Send to

Choose Destination
Eur J Neurosci. 2010 Sep;32(5):847-58. doi: 10.1111/j.1460-9568.2010.07358.x. Epub 2010 Aug 19.

Cortical cholinergic abnormalities contribute to the amnesic state induced by pyrithiamine-induced thiamine deficiency in the rat.

Author information

Department of Psychology, Behavioral Neuroscience Program, State University of New York at Binghamton, Binghamton, NY 13902, USA.


Although the key neuropathology associated with diencephalic amnesia is lesions to the thalamus and/or mammillary bodies, functional deactivation of the hippocampus and associated cortical regions also appear to contribute to the memory dysfunction. For example, there is loss of forebrain cholinergic neurons and alterations in stimulated acetylcholine (ACh) levels in the hippocampus and cortex in animal models of diencephalic amnesia associated with thiamine deficiency. In the present study, the pyrithiamine-induced thiamine deficiency rat model was used to assess the functional relationships between thalamic pathology, behavioral impairment, ACh efflux and cholinergic innervation of the hippocampus and cortex. In pyrithiamine-induced thiamine deficiency-treated rats, ACh efflux during behavioral testing was blunted to differing degrees in the hippocampus, medial frontal cortex and retrosplenial cortex. In addition, significant reductions in cholinergic fiber densities were observed in each of these regions. However, only hippocampal cholinergic fiber density correlated significantly with ACh efflux in the same region, suggesting that the reduction in cortical ACh efflux in cases of diencephalic amnesia cannot be fully explained by a loss of cholinergic fiber innervation. This notion supports the emerging theory that the functional consequences of the distal effects of lesions go beyond simple deafferentation. Specifically, some frontal cortical regions exhibit hypersensitivity to deafferentation that is only detected during behavioral and/or physiological demand.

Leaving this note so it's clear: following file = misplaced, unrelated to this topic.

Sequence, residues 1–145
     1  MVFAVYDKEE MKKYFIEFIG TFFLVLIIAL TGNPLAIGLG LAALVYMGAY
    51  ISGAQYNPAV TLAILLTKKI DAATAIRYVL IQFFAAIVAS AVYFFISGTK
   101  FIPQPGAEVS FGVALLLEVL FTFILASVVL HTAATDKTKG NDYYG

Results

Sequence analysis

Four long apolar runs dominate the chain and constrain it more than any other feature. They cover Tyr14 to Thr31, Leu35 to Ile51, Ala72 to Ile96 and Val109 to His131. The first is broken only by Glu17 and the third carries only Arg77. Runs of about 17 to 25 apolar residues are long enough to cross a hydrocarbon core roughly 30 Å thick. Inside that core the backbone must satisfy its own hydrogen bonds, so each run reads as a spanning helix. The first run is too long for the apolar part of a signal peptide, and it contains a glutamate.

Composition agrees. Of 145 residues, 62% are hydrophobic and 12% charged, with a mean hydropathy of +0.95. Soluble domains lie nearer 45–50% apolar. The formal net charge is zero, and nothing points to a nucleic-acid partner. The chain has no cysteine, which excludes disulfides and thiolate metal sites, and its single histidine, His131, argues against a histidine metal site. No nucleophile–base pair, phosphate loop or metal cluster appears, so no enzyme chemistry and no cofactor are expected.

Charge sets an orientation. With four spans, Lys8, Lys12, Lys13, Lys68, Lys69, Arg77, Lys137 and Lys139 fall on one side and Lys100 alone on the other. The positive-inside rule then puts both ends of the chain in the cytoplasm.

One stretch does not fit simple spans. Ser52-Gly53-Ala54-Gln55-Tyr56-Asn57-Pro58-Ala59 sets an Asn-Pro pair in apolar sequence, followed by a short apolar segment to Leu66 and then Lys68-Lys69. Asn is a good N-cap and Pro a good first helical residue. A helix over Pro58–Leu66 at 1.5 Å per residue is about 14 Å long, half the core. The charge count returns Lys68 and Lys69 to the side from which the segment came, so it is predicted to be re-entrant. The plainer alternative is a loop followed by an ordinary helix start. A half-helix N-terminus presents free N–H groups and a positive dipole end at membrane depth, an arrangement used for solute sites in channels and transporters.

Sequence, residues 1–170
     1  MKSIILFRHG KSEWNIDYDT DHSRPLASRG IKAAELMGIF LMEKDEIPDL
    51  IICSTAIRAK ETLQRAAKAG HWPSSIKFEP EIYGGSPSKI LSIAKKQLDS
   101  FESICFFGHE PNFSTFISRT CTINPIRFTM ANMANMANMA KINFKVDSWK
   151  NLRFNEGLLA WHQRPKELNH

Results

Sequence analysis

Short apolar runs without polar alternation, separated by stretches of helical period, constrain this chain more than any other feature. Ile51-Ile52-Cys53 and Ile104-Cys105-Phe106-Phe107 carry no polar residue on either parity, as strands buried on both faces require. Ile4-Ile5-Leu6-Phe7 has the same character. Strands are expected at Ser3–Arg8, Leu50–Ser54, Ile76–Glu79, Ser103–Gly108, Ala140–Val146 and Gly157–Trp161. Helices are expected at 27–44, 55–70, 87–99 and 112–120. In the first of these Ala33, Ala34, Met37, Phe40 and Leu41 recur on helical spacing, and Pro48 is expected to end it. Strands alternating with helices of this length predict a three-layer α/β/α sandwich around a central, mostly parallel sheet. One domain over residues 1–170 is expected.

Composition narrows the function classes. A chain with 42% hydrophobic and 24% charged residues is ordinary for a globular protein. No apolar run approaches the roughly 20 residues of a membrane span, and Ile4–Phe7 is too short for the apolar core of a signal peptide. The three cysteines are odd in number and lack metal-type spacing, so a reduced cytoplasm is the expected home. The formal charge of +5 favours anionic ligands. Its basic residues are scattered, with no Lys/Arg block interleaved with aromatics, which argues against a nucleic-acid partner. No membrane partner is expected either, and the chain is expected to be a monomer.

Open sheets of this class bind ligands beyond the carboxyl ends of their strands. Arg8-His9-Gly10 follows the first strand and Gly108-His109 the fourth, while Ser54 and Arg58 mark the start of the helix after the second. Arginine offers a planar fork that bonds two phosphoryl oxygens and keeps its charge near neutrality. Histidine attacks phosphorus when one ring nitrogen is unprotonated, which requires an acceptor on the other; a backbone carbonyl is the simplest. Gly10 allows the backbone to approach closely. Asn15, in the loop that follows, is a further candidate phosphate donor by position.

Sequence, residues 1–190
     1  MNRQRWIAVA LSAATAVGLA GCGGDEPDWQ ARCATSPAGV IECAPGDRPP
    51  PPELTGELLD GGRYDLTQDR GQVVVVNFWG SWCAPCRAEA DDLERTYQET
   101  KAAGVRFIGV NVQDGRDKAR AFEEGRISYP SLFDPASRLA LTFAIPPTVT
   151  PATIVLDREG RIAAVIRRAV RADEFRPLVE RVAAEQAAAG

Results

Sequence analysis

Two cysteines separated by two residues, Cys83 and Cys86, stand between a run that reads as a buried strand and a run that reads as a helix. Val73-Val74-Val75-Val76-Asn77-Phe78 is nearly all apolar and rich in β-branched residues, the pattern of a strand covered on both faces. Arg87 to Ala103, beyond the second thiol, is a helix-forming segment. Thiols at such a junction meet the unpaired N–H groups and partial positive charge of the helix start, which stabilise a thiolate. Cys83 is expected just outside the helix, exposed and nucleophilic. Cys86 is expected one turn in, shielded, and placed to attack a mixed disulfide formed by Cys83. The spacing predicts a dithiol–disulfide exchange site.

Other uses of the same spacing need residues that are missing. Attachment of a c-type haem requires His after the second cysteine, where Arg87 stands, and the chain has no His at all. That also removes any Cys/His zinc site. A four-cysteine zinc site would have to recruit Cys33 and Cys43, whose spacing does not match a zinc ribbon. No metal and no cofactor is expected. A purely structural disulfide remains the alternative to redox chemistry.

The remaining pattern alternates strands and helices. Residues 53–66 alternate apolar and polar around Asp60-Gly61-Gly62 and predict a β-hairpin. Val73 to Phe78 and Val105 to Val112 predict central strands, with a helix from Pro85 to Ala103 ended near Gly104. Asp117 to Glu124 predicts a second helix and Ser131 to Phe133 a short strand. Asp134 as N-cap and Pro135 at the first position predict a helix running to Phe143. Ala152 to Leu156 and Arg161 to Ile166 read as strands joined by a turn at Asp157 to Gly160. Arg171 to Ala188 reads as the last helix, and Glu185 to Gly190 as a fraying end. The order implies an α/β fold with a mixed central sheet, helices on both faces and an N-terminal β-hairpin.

[Indexed for MEDLINE]
Free PMC Article

Supplemental Content

Full text links

Icon for Wiley Icon for PubMed Central
Loading ...
Support Center